NC State jumped five spots on one of the most closely watched rankings of the nation’s colleges and universities today, improving in measures of selectivity, class size and alumni giving. The 2014 “Best Colleges” list, published by U.S. News & World Report, ranks NC State as No. 101 among national universities, up from 106th place last year. NC State ranks 47th among public universities, up from 51st last year.
NC State maintains its position as the fifth best value among public institutions due to its relatively low net cost of attendance. And it makes the list of “up and coming schools” for the second year, tying with Clemson University for eighth place on the list, which is based on peer assessments.
The College of Engineering ranks 32nd nationally (18th among public institutions), with the biological and agricultural engineering program, jointly administered with the College of Agriculture and Life Sciences, placing fifth nationally.
What They Measure
Contrary to popular belief, the U.S. News rankings have little to do with academic quality. An institution’s reputation accounts for 22.5 percent of the score, while factors related to money – such as faculty compensation, financial rank and alumni giving – account for 22 percent. Measures of an institution’s selectivity – such as SAT scores, acceptance rate and high school class standing – account for 12.5 percent.
Measures related to the classroom play a minor role. Faculty-related metrics – such as the percentage of full-time faculty and the percentage of faculty with a terminal degree – account for just 4 percent. Class size accounts for 8 percent, while student-to-faculty ratio accounts for 1 percent. Freshman retention accounts for 4.5 percent.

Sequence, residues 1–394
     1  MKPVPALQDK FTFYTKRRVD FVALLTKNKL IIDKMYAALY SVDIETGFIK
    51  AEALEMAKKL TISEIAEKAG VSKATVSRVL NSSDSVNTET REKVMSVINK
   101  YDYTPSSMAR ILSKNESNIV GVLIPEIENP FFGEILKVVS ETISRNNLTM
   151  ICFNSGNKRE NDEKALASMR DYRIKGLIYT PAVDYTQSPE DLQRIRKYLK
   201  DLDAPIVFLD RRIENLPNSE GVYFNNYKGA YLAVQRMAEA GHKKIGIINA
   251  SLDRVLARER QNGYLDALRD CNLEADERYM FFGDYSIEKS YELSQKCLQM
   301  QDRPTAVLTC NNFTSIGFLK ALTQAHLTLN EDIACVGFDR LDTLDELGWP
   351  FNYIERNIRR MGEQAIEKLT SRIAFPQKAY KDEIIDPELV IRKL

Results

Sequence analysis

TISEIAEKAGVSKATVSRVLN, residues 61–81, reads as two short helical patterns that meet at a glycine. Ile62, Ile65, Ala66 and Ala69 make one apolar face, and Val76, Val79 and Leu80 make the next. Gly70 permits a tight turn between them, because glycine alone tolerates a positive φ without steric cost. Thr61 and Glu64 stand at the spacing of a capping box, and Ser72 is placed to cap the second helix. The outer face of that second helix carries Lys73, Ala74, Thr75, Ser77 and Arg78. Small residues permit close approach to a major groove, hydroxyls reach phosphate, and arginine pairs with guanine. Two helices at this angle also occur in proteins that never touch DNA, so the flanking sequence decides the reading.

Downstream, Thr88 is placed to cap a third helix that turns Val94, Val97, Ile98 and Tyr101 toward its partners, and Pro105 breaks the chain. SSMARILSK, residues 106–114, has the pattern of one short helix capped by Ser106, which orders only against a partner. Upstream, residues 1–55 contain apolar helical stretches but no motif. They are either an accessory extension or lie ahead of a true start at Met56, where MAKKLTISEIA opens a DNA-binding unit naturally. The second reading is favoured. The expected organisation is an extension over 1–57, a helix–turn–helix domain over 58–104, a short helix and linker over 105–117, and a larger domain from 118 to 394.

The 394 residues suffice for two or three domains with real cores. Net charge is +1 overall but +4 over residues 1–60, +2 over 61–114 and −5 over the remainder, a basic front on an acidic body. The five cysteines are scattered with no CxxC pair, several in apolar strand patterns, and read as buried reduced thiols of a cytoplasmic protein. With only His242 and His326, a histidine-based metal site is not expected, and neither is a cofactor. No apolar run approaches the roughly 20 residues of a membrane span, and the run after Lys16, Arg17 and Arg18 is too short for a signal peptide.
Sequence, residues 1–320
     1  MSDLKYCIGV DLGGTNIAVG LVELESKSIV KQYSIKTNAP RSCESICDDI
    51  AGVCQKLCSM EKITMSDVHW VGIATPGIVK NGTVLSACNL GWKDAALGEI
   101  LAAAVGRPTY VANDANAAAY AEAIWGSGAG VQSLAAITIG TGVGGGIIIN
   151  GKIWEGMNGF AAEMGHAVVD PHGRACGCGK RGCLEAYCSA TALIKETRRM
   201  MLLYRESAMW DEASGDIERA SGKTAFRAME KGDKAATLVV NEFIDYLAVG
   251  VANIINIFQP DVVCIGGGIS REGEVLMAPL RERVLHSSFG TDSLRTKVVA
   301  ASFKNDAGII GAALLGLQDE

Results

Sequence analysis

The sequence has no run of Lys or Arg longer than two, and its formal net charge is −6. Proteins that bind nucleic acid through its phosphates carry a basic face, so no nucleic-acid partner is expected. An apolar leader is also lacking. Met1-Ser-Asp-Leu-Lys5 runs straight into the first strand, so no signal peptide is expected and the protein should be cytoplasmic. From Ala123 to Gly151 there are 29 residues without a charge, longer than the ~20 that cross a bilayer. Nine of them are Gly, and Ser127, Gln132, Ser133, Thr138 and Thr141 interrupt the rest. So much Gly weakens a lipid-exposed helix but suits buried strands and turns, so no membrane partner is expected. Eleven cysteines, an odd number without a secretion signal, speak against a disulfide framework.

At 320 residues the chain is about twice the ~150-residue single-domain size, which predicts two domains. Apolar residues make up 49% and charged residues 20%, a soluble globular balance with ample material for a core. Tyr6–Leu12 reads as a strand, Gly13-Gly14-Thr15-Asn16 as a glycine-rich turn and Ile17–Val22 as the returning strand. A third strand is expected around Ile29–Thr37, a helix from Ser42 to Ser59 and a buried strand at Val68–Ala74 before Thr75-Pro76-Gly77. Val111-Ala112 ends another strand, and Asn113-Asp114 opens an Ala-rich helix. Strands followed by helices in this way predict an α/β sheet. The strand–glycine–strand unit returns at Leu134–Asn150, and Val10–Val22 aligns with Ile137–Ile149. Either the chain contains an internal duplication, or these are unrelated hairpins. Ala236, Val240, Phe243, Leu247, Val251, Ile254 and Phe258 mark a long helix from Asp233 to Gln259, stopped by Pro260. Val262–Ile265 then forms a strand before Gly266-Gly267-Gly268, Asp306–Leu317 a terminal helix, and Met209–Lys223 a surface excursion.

U.S. News tracks just two outcome measures: an institution’s six-year graduation rate, which accounts for 18 percent, and graduation rate performance, which accounts for 7.5 percent.
Just to keep things interesting, U.S. News changes the weight assigned to various metrics every few years. This year the company reduced the weight assigned to high school class standing and gave slightly more weight to SAT and ACT scores; gave more weight to schools that have a higher-than-expected graduation rate; and reduced the weight assigned to peer assessments.
Higher education leaders have long decried the U.S. News rankings for giving outsized importance to measures of reputation, wealth and selectivity, and by reducing the complex process of choosing a college to a popularity contest.
Ironically, colleges and universities play an essential role in creating and publicizing the list every year. In an odd display of circular logic, universities collect and report factual data and not-so-factual peer assessments to U.S. News, which then organizes the information and sells it back to them and their prospective students. Schools then tout their standing in the ranking as an endorsement of sorts by U.S. News.
A better system may be coming.
President Obama has proposed creating a system to rate colleges and universities based on their value to students, measured by criteria such as average tuition, scholarships, debt after graduation, graduation rates and earnings after graduation, according to the Washington Post.